By Pete Zamplas
Local acting troupe The Cardboard Sea won an award at the recent Asheville Fringe Festival, for its play Centrifuge.
The group won it second successive Fringe award was for pushing boundaries of “everyday life and art.” This time, Centrifuge tied Jenni Cockrell’s Osteometry. was performed on the small stage of The Sly Grog Lounge three evenings starting Jan. 23. That is once more than usual for a Fringe act.
The play is directed by Todd Weakley, Hendersonville High School drama instructor since 2003. Alumnus Olivia Stuller (HHS ’09), one of Weakley’s former students, is in the cast.
The other actors, who mostly live in Asheville, are Charlie Holt starring as prima donna Sabine, Kristi DeVille, Kirsten Leigh Daniel, and Laura Crutchfield.
DeVille choreographed the play. The Warren Wilson College instructor is Montford Park Players’ resident choreographer.
Jeff Donnelly, a Floridian who co-founded the troupe with Weakley five years ago, wrote Centrifuge. The dark comedy’s plot springs out of a reunion of adults who were youth campers together, 25 years ago when they were 14 years old.
They are recreating a dance routine they were working on back then. They wonder if ringleader Sabine will join them, a quarter-century after she suddenly fled the camp during its session over mysterious conflicts.
The play “explores the limits of friendship, and the challenges of maintaining those connections in our ‘post-truth’ era ,” Weakley stated. There are many poignant moments. Revelations emerge.
Sabine is literally the center of attention, by being in the center of the chorus line and often doing flourishing dance moves.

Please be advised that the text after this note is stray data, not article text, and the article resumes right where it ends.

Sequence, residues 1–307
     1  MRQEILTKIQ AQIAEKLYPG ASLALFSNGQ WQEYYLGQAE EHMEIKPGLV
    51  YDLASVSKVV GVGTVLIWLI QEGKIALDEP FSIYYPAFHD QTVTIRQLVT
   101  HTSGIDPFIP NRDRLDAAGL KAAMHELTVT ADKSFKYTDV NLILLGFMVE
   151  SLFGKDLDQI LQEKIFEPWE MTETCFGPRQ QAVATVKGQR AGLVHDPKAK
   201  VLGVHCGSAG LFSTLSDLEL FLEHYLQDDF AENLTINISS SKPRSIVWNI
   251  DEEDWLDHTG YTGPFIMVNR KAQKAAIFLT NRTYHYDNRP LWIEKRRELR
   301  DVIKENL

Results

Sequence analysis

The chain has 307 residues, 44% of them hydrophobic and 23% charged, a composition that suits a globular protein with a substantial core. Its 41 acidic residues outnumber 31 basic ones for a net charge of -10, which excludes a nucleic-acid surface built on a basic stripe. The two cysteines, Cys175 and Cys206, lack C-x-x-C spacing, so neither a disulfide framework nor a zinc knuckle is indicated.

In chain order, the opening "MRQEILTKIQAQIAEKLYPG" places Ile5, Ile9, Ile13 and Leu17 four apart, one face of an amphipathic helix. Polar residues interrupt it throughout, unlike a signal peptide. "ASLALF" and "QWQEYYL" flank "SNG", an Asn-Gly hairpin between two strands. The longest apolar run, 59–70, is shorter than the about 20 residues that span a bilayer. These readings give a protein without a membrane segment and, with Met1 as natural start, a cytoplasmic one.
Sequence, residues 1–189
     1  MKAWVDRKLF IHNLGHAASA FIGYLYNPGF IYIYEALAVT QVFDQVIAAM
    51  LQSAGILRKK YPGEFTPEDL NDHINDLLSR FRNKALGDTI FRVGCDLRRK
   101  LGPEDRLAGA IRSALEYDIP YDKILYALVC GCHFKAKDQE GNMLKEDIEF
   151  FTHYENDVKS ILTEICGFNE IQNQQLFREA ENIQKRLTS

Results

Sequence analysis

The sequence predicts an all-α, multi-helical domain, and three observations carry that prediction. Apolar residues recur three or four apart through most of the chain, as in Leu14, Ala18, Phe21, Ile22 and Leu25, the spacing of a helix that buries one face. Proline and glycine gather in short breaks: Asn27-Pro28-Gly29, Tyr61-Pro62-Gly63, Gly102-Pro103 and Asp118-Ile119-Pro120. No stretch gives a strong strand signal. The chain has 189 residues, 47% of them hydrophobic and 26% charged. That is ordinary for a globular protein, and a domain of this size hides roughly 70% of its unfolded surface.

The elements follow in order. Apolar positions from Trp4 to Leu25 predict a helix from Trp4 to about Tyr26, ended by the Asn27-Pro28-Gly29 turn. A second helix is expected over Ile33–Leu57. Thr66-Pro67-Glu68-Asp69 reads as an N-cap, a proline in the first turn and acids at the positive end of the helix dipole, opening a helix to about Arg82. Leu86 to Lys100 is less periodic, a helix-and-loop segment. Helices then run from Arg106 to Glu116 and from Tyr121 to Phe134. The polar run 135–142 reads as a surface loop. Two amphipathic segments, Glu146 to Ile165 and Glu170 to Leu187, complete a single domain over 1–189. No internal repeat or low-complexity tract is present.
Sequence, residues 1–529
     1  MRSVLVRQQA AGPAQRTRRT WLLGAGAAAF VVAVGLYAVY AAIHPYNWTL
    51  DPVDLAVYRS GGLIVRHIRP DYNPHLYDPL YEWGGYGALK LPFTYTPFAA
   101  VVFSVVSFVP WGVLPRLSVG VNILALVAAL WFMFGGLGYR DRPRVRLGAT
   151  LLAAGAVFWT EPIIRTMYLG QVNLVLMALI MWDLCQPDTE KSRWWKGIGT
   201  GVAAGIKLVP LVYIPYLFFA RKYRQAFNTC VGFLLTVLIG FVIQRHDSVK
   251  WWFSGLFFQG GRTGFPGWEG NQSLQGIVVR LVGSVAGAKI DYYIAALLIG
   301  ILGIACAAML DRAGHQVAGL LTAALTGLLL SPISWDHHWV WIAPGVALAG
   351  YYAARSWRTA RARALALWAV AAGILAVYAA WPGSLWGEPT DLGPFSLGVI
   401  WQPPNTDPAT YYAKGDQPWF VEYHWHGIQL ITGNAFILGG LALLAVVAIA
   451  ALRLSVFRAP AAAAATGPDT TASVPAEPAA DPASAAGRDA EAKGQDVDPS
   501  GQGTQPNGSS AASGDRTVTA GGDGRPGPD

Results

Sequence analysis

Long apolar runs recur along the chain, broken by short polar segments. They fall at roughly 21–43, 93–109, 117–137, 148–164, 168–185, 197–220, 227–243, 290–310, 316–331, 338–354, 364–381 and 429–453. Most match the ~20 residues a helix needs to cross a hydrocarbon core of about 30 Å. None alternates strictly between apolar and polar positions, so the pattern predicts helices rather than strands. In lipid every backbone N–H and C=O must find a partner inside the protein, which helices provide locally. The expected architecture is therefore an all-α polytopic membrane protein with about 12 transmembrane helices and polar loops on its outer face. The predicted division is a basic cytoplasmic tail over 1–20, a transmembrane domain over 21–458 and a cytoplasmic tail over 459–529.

Sabine on the surface is histrionic, very hard to work with in the dance routine, and prone to breaking away and pouting. As Stuller notes, Sabine has much power by holding up the rehearsals until others apologize to her.
But beneath her hyper-sensitivity are complex situations between Sabine and her camp friends, who may deserve some scolding. As Holt notes, Sabine does not always demand total confession and apology. Instead, Sabine alters expectations, recognizing what each seems capable of changing and providing to her.
The characters vary in depth and maturity, and get distinguished. Indeed, “centrifuge” is a machine that with centrifugal force (a la Sabine’s outrage) circularly spins denser objects away from center.
Crutchfield’s character, for instance, is least into apology mode. She urges the others to skip conflicts, and simply get on with practicing the dance. Sabine ends up being fine with less of an apology, Holt said.
But this is after fuming over a falling out seven years earlier, an encounter that contrasts to the others not seeing each other since camp days. Sabine sarcastically snaps at Crutchfield’s character to start dancing in step with the others, “now that your conscience is clear.”
Author Donnelly’s alternate vision is the confessing characters are trying to repent, “stuck in a loop in purgatory,” Weakley said. Another interpretation is Sabine is dead, the others are alive but guilt-ridden, and they sense her spirit beckoning them to confess how they each slighted her.